Sally looked up into the doctor’s eyes. Her ears couldn’t transfer the words he was saying to her brain, although his lips were moving silently. His eyes were serious, sad. The light in the consulting room hummed in that way, which could be barely heard but felt though every fibre of her being. She felt the slightly waxy texture of the pile of leaflets under her hand, resting in her lap. She knew why she was there. Routine mammogram they had said. All women over 50 routinely offered it, they had said.
The news lay over her like a haze. She couldn’t remember how she got home, but she must have got into her car, tights sliding on the leather seats, and driven home, the wipers swishing on the windscreen in the grey, late autumn drizzle.
She turned her key in the lock, opened the door, and stepping inside. Hanging her coat on the coat hook, she slipped her shoes off alongside the warm radiator and walked down the hallway in stockinged feet to the kitchen. Her husband sat at the breakfast bar, reading his paper, and the coffee machine let out waves of rich, warm scent.
“How did it go?” he said, folding the paper and resting it on the wooden counter.
“Um, not so well.” The tears welled up in her eyes, and her throat closed. She looked around the room at the pictures of her children and grandchildren, lining the walls. Photos of weddings, and graduations, holidays and Christmases. Sitting heavily in a chair, she sighed, and suddenly she let go, crying each tear as the doctor’s words caught up with her. “I’m sorry, but your results are not good,” she could hear them echoing through her mind. “You have stage 4 breast cancer with lymph node involvement”. She could hear her voice echoing his words, and her husband still sat at the bar, shocked.
“We will beat this,” he said softly.
“Will we?” she felt irritation rising in her. We? “Is that what we do? Beat it, go back to normal? I might bloody die!” Shock and sadness and rage churned suddenly through her, and she felt as though she would throw up.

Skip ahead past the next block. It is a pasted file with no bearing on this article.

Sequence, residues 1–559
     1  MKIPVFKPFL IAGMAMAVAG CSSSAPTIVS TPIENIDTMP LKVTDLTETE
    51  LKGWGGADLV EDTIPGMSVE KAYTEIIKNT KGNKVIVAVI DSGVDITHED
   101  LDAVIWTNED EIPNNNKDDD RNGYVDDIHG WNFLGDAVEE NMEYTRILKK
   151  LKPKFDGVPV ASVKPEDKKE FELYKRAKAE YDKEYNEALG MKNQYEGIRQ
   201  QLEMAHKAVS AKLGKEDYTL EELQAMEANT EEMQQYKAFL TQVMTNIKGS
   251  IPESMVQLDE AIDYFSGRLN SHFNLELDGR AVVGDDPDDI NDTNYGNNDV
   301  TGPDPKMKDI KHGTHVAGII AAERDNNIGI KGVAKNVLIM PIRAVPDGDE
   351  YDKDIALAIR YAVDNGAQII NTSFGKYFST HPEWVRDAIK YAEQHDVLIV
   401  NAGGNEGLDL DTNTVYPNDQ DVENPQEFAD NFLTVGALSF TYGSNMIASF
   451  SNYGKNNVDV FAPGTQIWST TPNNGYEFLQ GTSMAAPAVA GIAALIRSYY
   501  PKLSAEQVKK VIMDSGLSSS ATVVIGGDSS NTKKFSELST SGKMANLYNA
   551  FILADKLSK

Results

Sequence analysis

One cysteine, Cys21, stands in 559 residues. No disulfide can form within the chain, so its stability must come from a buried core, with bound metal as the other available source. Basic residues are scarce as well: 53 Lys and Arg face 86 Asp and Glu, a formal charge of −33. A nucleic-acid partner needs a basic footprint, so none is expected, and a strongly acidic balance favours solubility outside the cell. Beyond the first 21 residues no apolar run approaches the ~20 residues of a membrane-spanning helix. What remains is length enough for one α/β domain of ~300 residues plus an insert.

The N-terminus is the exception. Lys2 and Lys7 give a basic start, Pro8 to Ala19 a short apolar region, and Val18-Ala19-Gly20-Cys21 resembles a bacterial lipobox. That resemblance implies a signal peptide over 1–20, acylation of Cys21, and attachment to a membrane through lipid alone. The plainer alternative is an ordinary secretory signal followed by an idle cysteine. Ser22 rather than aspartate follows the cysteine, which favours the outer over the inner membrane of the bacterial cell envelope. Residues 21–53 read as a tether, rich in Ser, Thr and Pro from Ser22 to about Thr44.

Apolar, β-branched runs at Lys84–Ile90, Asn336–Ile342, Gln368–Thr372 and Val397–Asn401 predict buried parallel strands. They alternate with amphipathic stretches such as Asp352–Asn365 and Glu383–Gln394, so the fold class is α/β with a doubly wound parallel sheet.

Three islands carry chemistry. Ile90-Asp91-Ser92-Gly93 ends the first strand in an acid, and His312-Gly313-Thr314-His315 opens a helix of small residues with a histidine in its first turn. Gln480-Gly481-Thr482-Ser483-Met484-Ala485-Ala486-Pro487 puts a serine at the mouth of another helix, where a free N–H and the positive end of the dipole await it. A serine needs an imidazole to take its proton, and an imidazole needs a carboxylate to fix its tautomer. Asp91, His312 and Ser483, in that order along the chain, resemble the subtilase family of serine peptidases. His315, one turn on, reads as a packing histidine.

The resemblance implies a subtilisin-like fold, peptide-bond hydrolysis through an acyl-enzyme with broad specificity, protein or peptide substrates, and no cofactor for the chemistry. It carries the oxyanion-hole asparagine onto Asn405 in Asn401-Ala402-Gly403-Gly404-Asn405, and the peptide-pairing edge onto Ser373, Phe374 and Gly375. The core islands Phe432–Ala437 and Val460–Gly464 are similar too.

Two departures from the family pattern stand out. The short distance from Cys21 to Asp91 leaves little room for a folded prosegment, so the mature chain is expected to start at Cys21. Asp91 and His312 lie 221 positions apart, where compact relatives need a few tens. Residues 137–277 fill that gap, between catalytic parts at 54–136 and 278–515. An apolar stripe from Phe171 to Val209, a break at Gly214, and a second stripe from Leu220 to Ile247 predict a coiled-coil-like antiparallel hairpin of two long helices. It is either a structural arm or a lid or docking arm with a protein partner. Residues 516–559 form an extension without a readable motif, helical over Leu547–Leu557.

“I’m sorry,” she whispered. “I …. I’m going to go and have a bath, it’s been… “She took the pile of leaflets from her bag and put them on the counter and left the room. Her husband watched her go.
She laid in the bath, tracing the curve of the tap with her big toe as it filled her tub with steaming water. She looked down at her chest, her breasts rising and falling with her breath. How could this be? They still looked normal to her, not the high, firm breasts of her youth nor the full, rich milky breasts with which she nourished all her children. But they were hers, showing the pores that came with age, the skin less elastic, the nipples didn’t quite point up and out anymore, but they were still recognisable as hers. They still gave pleasure when touched. Would they still? After?
She hadn’t even looked at the leaflets. She had heard the words “surgery” and “chemotherapy.” She turned off the tap with a flick of her foot and sank lower into the water, letting it lap up over her loose belly and soft skin of her breasts. Tomorrow. She’d make the decision tomorrow.